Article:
Asian Americans and Pacific Islanders are the fastest growing racial demographic, with nearly 50 different nationalities and ethnicities lumped under the “AAPI” umbrella. Those growing numbers mean growing media and political attention — and sometimes growing resentment from the majority.
Noting the increase in both the number of elected officials and incidents of hate directed toward this community, Dugyala adds
But not everyone can reconcile these two dueling trends of AAPI gains and tragedy. At a hearing on pandemic-related hate crimes last week, Rep. Tom McClintock (R-Calif.) asked, “If America was such [a] hate filled, discriminatory, racist society filled with animus against Asian Americans, how do you explain the remarkable success of Asian Americans in our country?”
Here’s an answer: Don’t flatten the diversity of the diaspora into the stories of high earning STEM CEOS, politicians and Hollywood types. Yes, Kamala Harris is now the vice president. Yes, “Minari” has six Oscar nominations. That doesn’t override the hate crimes.
Absolutely! But don't condemn McClintock for his (pick one) ignorance, naivete, or disingenuousness. It's not his fault.
When Kamala Harris was elected vice-president, there were few reports, a dearth of tweets, and little talk about a US senator, a former prosecutor, a Californian, or a neo-liberal taking on the job. It was all about her being the first woman and/or first individual of either south Asian or Caribbean descent to take over the office.
It was only about factors- being a woman or having parents of a certain background- over which she had no influence. A glass ceiling had been shattered, we were vigorously reminded by social media, conventional media, and any other media. We were to congratulate ourselves.
A glass ceiling has been broken!
A glass ceiling has been broken! @KamalaHarris makes history as the first Black, first Indian American, and first female vice president. Congratulations! pic.twitter.com/tIEFtu0piB— Kresge Foundation (@kresgefdn) January 20, 2021
CRASH! Did you hear that? A big old glass ceiling just smashed to pieces. https://t.co/ABGUwAi4r0— Laurie Garrett (@Laurie_Garrett) January 20, 2021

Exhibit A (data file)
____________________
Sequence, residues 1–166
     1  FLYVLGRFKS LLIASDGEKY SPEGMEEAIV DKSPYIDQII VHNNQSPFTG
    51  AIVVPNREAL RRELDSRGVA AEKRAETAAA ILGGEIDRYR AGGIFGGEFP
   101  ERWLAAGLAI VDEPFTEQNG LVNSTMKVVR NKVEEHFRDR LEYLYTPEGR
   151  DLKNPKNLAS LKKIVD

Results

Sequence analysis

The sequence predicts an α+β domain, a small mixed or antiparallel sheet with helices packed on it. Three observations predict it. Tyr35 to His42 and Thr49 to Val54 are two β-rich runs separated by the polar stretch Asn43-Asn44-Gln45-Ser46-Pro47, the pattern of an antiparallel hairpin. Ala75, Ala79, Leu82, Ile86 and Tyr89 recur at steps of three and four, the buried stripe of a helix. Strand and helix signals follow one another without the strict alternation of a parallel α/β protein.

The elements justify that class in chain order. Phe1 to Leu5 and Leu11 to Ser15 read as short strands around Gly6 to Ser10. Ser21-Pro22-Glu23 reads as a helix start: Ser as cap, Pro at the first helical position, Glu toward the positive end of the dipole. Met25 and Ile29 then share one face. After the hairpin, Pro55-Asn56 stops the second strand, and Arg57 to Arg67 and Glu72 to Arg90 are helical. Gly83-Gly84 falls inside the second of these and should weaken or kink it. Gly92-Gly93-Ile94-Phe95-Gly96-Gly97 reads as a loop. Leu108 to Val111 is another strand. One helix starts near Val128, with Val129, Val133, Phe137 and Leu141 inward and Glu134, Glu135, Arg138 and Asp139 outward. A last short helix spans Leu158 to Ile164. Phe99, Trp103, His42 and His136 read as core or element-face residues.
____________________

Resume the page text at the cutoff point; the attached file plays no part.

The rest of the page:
It's history repeating itself. When Barack Obama was elected President, NPR reflected the zeigeist when it exclaimed "Barack Obama is promising supporters that 'change has come.' After his historic election as the nation's first black president, Obama promised to be a president for all Americans — including those who voted against him. "
Change has come, implying not only in the one office of the presidency, but to American society in its wondrous capacity to re-invent itself as a uniquely exceptional country.
Repeatedly reminded that the election was "historic," many Americans reacted in the maanner which should have been expected but even now is rarely acknowledged. History has been made! We gave a black man the highest honor! What is it with this "original American sin of slavery," anyway? Eight years later, Donald Trump was elected President.
Pervasive is the notion that the election of Harris is nearly as historic, even though her position is one of no power other than that conveyed by the President himself. President Biden himself once referred to Harris as "President-elect" and at least once as "President Harris." Though references to an "Obama-Biden Administration" were scarece, there have many references in media by Democrats to the "Biden-Harris Administration."
This is not accidental. And so this: when a Republican such as Representative McClintock suggests with a straight face that the success of ethnic Asians in American society demonstrates they face no major discrimination, he is channeling the belief of tens of millions of Americans who know not to express their feelings in polite company. McClintock was properly corrected by Politico's Dugyala, but there should be no surprise. As the media and some Democrats did with the election of Barack Obama and now with that of Kamala Harris, the response has been invited and encouraged.
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